22. More on the Flow • Q*(s, h) demand for (flow) lumber. • Assume that it takes x units of stumpage to make one unit of lumber. Then, the derived demand for stumpage is Q(p + c, h) = xQ*(s, h). • Q(p+c, h) is (stock) stumpage demand • (3) q(t) = Q(p(t) + c, h).

  23. Solving the Model • (1 )p = p0ert, where p0 is initial price • (3) q(t) = Q(p(t) + c, h). • SO • q(t) = Q(p0ert+ c, h).

  24. Finishing the Solution

  25. Example: Q = p- ; c=0;no h

  26. Example Concluded:Reduced Form

  27. What to estimate • P as function of stock, housing starts, interest rate etc • Demand function • Was able to show that the cross equation constraints in the two equations were not violated when one chooses a flexible enough form for P(x,h,r…)

  28. Taking of the Redwood Park • In 1968 and again in 1978 the US took a total of 3.1 billion bd ft of standing timber from private companies to form the Redwood National Park • The amount by which the price of Redwood went up as a result of the take is called enhancement

  29. Enhancement • Amount by which the price goes up when the private timber is taken into the park • Enhance = p(xafter take) – p(xbefore take)

  30. Enhancement: Lowering X(0) p price path is result of new X(0) Arrow shows size of enhancement P0 ert p0 p0 q t q 450 line

  31. Folded Diagram Model • p(x(t)) = p0ert • price as function of stock is same as price as function of time • price in year t + 1 is just p(x(t) – q(t)) which is also p0er(t+1) • p(x(t) – ) = p0er(t+n) • price after n years of cutting equals the price at • time t (p0ert) times the interest factor for n years (er n). • Choose n so that the Park taking equals

  32. Enhancement: Years Method p X(0) is again red area. Arrow shows number of years need to wait to find equivalent P0 ert p0 p0 q t q 450 line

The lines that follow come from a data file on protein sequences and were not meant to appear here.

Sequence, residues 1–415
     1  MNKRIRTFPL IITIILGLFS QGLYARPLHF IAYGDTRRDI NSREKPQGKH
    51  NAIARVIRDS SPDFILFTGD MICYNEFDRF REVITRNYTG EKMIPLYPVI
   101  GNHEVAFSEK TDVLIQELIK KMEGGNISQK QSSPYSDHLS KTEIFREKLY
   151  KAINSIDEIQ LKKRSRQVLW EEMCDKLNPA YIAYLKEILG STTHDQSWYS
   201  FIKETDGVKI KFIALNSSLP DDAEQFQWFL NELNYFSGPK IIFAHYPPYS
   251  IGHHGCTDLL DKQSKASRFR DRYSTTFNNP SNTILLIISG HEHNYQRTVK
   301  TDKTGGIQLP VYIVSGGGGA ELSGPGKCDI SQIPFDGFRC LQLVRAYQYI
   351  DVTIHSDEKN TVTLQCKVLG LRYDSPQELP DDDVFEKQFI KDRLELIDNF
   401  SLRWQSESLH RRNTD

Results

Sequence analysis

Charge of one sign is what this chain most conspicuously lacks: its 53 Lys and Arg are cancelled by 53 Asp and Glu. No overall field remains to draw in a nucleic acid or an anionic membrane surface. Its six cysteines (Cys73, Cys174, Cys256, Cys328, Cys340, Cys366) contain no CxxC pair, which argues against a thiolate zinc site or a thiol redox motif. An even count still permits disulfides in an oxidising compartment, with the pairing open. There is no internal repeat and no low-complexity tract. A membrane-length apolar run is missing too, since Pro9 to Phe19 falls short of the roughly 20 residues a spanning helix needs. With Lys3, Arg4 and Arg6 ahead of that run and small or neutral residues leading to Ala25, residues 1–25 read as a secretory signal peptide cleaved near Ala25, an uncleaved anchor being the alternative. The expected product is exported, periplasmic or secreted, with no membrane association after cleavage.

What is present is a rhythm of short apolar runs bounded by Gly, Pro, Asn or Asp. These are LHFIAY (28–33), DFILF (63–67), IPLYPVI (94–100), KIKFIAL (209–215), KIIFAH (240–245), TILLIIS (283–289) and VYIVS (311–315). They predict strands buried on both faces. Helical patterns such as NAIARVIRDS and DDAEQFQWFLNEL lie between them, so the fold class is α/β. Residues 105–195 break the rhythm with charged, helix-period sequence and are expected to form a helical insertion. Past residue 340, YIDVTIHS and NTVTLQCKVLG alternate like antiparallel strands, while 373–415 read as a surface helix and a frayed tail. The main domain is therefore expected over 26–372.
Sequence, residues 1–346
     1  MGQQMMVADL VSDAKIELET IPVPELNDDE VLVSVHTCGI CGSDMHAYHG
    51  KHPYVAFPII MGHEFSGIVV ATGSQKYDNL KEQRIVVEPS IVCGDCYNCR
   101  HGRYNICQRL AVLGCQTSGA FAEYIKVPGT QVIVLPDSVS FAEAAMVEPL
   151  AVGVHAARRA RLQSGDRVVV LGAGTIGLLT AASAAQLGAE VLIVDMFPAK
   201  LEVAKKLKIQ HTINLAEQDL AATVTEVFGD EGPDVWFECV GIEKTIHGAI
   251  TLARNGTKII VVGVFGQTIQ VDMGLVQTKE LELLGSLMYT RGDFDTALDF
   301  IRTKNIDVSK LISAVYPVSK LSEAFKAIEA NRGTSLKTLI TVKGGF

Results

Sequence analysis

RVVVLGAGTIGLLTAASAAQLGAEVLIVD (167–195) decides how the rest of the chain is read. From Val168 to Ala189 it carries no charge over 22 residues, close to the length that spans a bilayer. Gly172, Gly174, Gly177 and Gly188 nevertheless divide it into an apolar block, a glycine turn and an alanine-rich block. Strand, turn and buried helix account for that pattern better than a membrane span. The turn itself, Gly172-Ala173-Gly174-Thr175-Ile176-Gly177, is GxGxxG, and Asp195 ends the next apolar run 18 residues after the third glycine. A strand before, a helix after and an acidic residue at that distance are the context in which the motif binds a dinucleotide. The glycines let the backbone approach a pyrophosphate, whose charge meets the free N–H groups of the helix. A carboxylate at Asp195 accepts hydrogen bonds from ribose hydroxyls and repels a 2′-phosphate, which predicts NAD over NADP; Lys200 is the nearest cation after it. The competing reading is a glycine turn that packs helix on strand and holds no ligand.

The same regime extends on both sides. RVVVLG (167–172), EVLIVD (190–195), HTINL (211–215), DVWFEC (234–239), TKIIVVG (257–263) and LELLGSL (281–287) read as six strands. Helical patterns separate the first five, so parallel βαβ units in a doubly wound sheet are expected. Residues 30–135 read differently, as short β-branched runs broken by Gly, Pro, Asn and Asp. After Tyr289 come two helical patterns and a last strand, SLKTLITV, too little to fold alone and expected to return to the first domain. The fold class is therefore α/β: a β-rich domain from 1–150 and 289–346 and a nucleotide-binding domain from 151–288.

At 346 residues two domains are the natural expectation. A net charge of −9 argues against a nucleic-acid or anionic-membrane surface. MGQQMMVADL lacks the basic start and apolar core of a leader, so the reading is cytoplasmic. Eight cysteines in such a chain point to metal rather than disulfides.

33. Value of Enhancement • The 1978 Park taking was 1.4 billion board feet, which is the equivalent of 2.26 years of cutting. • price 1978, was $311 per MBF. • real interest rate—7 percent • 2.26 years at 7 percent real per year or 17 percent of price

  34. Conclusion • Gov’t paid $689 million for second take • enhancement was $583 million • estimated by reduced form method • Therefore the US paid nearly twice for the park

  35. Forest Area/Deforestation • US: Virgin forest to today: less forest • However NE and S. both regrew • Large parts of rural US are going back to forest • General trend is for less forest • Foster and Rosenzweig look at India

  36. Naïve • Many LDC’s have insufficient land ownership to protect forests • Marcos denuded the Phillipines for profit • Nepal has problems with marginal ag taking over forest regions • Anna’s work on Indonesia was done because of deforestation

  37. India • Gross forest statistics like US • Area goes down • Then up • Why? • Market stories require property rights—FR implicitly assume such. • Demand for forest products goes up, forests should go up. • Long run, true • Short run could go other way. Not so obvious

  38. FR • Interest is the in the matched dataset of sattelite imagery (historical forest cover) to village surveys. • Find that increased population or expenditure on forest products leads to more forest land. • Wages, ag land prices insignificant • New England can be told with wages or time to regenerate • Need relative ag land/ forest land price to do this in the normal way • Also need the product price for forest, don’t have • plausible that more income = more forest

  39. Carbon • Carbon sinks include soil and trees • From Sohngen and Mendelson • 10% more carbon could be sequestered in forests • Either more land • Or more intensive management • Unclear how one would keep it tied up in soil or trees • $1-150 per ton are estimates for sequestration

  40. Optimal • To decide what to do need to know the value of carbon sequestration by time period. • S-M model • Damage function of carbon stock • dStock/dt = emissions – abatement • Reducing emissions and abatement are costly • Minimize present value of costs

  41. soln • There is a shadow price of carbon, the marginal value of reducing the stock by one unit. Marginal costs = that • Problem: forestry stores the carbon for a while. Uses rental rate for carbon • Interest on value less • Price increase • Worth investigating==might not be right

  42. Empirical • Melds forest and climate model • Gets price for emissions abatement • Finds how sequestration changes land and forest prices • Finds equilibrium with higher prices for forest land (bid up because of sequestration) • Sequestration makes sense, but is less profitable than with no price rise

  43. Other subjects • Employment • Trade (and the Lumber Wars)